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Optimal Bank Runs without Self-Fulfilling Prophecies

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  • Haibin Zhu

    (Duke University)

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    Abstract

    This paper extends the standard Diamond-Dybvig model for a general equilibrium in which depositors make their withdrawal decisions sequentially and banks strategically choose their contracts. There is a unique Subgame Perfect Nash Equilibrium (SPNE) in the decentralized economy. Bank runs can occur when depositors perceive a low return on bank assets. When information is imperfect, bank runs can happen even when the economy is in a good state. A representative bank can earn positive profits in equilibrium due to the sequential service constraint. When there are several risky projects available, the high-risk technology may be chosen as a socially efficient solution.

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    File URL: http://fmwww.bc.edu/RePEc/es2000/1753.pdf
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    Bibliographic Info

    Paper provided by Econometric Society in its series Econometric Society World Congress 2000 Contributed Papers with number 1753.

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    Date of creation: 01 Aug 2000
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    Handle: RePEc:ecm:wc2000:1753

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    1. Franklin Allen & Douglas Gale, 1976. "Optimal Financial Crises," Center for Financial Institutions Working Papers 97-01, Wharton School Center for Financial Institutions, University of Pennsylvania.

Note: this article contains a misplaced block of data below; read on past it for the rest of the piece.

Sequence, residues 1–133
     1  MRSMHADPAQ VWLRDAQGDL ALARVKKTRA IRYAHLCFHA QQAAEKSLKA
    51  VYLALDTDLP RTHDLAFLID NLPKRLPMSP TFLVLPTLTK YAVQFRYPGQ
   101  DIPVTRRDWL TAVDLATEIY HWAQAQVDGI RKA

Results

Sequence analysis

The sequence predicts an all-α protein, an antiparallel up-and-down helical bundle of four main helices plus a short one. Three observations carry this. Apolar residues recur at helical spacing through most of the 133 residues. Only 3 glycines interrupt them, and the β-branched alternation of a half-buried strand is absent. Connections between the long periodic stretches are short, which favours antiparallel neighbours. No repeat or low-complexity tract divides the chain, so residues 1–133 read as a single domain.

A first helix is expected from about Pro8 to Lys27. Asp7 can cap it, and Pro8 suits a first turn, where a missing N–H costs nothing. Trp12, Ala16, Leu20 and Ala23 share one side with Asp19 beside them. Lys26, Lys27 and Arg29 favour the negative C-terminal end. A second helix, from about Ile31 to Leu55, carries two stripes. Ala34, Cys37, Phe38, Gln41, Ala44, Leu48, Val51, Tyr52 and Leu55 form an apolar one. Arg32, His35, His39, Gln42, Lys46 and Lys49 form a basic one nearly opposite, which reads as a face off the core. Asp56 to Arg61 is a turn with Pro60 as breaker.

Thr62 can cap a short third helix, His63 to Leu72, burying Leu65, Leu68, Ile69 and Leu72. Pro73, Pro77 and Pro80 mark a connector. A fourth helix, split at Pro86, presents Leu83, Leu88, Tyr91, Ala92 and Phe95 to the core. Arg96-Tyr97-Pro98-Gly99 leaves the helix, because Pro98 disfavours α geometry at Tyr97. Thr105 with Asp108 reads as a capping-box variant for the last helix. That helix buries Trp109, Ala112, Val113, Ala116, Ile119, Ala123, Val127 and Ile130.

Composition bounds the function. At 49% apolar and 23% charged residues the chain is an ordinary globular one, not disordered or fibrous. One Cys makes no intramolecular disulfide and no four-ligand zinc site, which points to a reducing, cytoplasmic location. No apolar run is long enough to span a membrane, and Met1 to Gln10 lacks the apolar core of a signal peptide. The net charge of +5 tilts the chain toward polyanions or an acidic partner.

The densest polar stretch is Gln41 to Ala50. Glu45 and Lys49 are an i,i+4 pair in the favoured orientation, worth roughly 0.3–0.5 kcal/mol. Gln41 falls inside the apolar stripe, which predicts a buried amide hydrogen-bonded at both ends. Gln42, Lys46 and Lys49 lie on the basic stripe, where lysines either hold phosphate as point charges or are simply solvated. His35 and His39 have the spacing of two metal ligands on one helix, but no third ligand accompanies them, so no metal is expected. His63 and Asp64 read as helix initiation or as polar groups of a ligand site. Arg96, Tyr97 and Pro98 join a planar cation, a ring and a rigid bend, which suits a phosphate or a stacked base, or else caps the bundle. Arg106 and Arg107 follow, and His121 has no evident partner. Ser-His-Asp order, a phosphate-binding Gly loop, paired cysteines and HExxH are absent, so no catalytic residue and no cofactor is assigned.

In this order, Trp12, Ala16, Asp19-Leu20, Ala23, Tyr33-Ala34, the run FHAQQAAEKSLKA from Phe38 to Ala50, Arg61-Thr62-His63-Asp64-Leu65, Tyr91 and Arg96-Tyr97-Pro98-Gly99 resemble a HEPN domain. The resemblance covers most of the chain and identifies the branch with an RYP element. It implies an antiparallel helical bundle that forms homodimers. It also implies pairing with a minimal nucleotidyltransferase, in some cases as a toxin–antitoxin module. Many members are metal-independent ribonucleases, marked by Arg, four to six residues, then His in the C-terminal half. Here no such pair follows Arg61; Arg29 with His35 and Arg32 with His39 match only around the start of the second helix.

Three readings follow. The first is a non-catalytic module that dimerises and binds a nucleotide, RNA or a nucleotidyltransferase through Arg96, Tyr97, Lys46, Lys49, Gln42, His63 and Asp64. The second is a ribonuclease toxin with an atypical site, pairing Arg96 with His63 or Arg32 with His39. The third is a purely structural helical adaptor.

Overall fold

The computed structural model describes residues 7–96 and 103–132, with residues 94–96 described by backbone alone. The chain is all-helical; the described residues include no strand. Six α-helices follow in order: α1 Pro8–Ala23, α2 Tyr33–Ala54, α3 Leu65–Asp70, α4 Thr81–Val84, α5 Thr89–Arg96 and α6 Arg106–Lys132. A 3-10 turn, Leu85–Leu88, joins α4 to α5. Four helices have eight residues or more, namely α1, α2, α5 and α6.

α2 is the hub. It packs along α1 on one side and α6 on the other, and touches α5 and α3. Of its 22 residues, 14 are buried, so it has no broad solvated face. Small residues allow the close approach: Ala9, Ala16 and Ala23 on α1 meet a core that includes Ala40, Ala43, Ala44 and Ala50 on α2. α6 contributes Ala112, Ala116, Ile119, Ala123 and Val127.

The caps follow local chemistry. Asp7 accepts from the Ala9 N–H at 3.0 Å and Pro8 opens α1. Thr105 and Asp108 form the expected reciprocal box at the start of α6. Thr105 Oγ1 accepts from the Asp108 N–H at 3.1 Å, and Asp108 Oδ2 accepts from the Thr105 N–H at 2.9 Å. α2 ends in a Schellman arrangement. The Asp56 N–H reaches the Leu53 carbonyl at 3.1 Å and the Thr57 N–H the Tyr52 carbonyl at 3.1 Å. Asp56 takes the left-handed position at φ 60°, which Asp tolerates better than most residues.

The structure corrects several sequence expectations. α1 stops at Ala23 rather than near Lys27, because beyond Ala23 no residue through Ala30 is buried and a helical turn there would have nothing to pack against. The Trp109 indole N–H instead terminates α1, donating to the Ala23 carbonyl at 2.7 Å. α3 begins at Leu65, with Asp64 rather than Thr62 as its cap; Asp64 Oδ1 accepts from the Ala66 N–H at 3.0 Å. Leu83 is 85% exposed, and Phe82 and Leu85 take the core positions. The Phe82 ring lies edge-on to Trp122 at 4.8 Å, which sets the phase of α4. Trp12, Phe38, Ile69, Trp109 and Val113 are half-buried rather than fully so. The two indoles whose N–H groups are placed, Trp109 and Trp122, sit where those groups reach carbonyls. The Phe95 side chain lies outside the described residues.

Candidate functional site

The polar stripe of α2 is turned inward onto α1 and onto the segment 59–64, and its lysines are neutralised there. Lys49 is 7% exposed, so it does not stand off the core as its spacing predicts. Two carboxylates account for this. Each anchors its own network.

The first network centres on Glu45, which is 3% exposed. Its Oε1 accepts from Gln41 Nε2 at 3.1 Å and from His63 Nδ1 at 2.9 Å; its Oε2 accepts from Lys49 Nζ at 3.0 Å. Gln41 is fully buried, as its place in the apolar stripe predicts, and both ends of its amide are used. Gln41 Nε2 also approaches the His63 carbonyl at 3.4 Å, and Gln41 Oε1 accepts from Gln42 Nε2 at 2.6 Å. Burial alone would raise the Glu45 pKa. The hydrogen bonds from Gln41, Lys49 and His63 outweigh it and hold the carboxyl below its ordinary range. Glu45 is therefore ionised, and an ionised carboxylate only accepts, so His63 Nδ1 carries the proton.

2. Russell Cooper & Thomas W. Ross, 1991. "Bank Runs: Liquidity and Incentives," NBER Working Papers 3921, National Bureau of Economic Research, Inc.
    3. Russell Cooper & Thomas W. Ross, 2002. "Bank Runs: Deposit Insurance and Capital Requirements," International Economic Review, Department of Economics, University of Pennsylvania and Osaka University Institute of Social and Economic Research Association, vol. 43(1), pages 55-72, February.
    4. Gul, Faruk & Lundholm, Russell, 1995. "Endogenous Timing and the Clustering of Agents' Decisions," Journal of Political Economy, University of Chicago Press, vol. 103(5), pages 1039-66, October.
    5. Corsetti, Giancarlo & Pesenti, Paolo & Roubini, Nouriel, 1999. "What caused the Asian currency and financial crisis?," Japan and the World Economy, Elsevier, vol. 11(3), pages 305-373, October.
    6. Cooper, Russell & Ross, Thomas W., 1998. "Bank runs: Liquidity costs and investment distortions," Journal of Monetary Economics, Elsevier, vol. 41(1), pages 27-38, February.
    7. Charles W. Calomiris, 1998. "The IMF's Imprudent Role As Lender of Last Resort," Cato Journal, Cato Journal, Cato Institute, vol. 17(3), pages 275-294, Winter.
    8. Roberto Chang & Andres Velasco, 1998. "Financial crises in emerging markets: a canonical model," Working Paper 98-10, Federal Reserve Bank of Atlanta.
    9. Graciela L. Kaminsky & Carmen M. Reinhart, 1996. "The twin crises: the causes of banking and balance-of-payments problems," International Finance Discussion Papers 544, Board of Governors of the Federal Reserve System (U.S.).
    10. Diamond, Douglas W & Dybvig, Philip H, 1983. "Bank Runs, Deposit Insurance, and Liquidity," Journal of Political Economy, University of Chicago Press, vol. 91(3), pages 401-19, June.
    11. Banerjee, Abhijit V, 1992. "A Simple Model of Herd Behavior," The Quarterly Journal of Economics, MIT Press, vol. 107(3), pages 797-817, August.
    12. Park, Sangkyun, 1997. "Risk-taking behavior of banks under regulation," Journal of Banking & Finance, Elsevier, vol. 21(4), pages 491-507, April.
    13. Postlewaite, Andrew & Vives, Xavier, 1987. "Bank Runs as an Equilibrium Phenomenon," Journal of Political Economy, University of Chicago Press, vol. 95(3), pages 485-91, June.
    14. David Backus & Silverio Foresi & Liuren Wu, 2002. "Contagion in Financial Markets," Finance 0207009, EconWPA.
    15. Alonso, Irasema, 1996. "On avoiding bank runs," Journal of Monetary Economics, Elsevier, vol. 37(1), pages 73-87, February.
    16. Krugman, Paul, 1979. "A Model of Balance-of-Payments Crises," Journal of Money, Credit and Banking, Blackwell Publishing, vol. 11(3), pages 311-25, August.
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